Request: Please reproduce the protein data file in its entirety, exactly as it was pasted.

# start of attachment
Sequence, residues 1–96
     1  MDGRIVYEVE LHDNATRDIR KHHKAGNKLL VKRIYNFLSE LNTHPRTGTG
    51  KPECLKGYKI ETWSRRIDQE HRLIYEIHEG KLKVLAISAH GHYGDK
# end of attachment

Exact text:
Sequence, residues 1–96
     1  MDGRIVYEVE LHDNATRDIR KHHKAGNKLL VKRIYNFLSE LNTHPRTGTG
    51  KPECLKGYKI ETWSRRIDQE HRLIYEIHEG KLKVLAISAH GHYGDK